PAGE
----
Many COVID-19 survivors experience cognitive complications, study finds
A large proportion of novel coronavirus (COVID-19) survivors will be affected by neuropsychiatric and cognitive complications, according to a new research review led by Oxford Brookes University published in the journal Frontiers in Psychology.
For the study, psychology and psychiatry researchers evaluated published research papers to understand more about the possible effects of the SARS-COV-2 infection on the brain, and the extent people can expect to experience short and long-term mental health issues.
The study found that in the short term, a wide range of neuropsychiatric problems were reported. In one examined study, 95 percent of clinically stable COVID-19 patients had post-traumatic stress disorder (PTSD) and other studies found between 17 to 42 percent of patients experienced affective disorders, such as depression.
The main short-term cognitive problems were found to be impaired attention, reported by 45 percent patients, and impaired memory, reported by 13 to 28 percent of patients.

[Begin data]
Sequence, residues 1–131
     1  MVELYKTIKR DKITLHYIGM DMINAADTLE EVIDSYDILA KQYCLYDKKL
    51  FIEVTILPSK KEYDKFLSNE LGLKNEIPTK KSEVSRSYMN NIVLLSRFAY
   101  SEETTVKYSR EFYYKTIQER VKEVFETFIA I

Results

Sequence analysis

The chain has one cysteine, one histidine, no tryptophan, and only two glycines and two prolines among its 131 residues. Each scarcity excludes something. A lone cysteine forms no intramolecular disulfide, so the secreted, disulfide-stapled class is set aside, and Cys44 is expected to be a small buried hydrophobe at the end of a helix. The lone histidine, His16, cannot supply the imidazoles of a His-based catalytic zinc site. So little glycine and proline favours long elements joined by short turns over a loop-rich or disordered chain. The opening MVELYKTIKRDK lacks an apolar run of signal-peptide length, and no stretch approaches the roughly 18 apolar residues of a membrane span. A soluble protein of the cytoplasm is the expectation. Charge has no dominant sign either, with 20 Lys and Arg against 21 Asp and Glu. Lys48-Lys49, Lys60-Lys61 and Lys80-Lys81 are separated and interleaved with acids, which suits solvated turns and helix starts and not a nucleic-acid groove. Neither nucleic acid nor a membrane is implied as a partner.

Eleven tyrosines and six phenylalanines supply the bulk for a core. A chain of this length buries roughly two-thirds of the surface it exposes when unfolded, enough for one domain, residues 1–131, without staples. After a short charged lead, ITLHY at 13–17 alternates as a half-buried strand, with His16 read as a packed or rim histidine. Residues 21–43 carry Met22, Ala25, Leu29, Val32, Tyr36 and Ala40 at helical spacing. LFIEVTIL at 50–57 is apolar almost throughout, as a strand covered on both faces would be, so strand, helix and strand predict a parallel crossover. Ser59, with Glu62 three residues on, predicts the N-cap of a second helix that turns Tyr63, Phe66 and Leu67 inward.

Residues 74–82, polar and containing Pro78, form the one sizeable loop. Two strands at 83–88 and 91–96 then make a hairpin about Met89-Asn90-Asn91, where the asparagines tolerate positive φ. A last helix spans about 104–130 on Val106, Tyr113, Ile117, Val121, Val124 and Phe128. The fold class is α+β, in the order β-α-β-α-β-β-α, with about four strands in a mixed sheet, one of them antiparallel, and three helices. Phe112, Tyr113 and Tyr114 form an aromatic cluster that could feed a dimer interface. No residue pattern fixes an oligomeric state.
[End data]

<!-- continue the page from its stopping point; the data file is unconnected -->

In the long term, neuropsychiatric problems were mostly affective disorders and fatigue, as well as impaired attention, reported by 44 percent of patients, and memory, reported between 28 to 50 percent of patients.
"Understanding the neuropsychiatric and cognitive consequences of COVID-19 is important as millions of people have been affected by the virus, and many cases go undetected,” said Sanjay Kumar, BA, MA, M.Phil, PhD, senior lecturer in psychology at Oxford Brookes University, in a statement. “These conditions affect people's capacity to work effectively, drive, manage finances, make informed decisions and participate in daily family activities. If even just a fraction of patients experience neuropsychiatric complications, the impact on public health services could be significant.”
Experts said that there is likely to be an increase in patients with psychiatric and cognitive problems who were otherwise healthy prior to COVID-19 infection.
"Detailed cognitive evaluation and robust monitoring of patients should be considered in order to detect new neurological cases," said Kumar. "This will also enable healthcare providers to plan adequate health care and resources and improve the quality of life for many COVID-19 survivors.”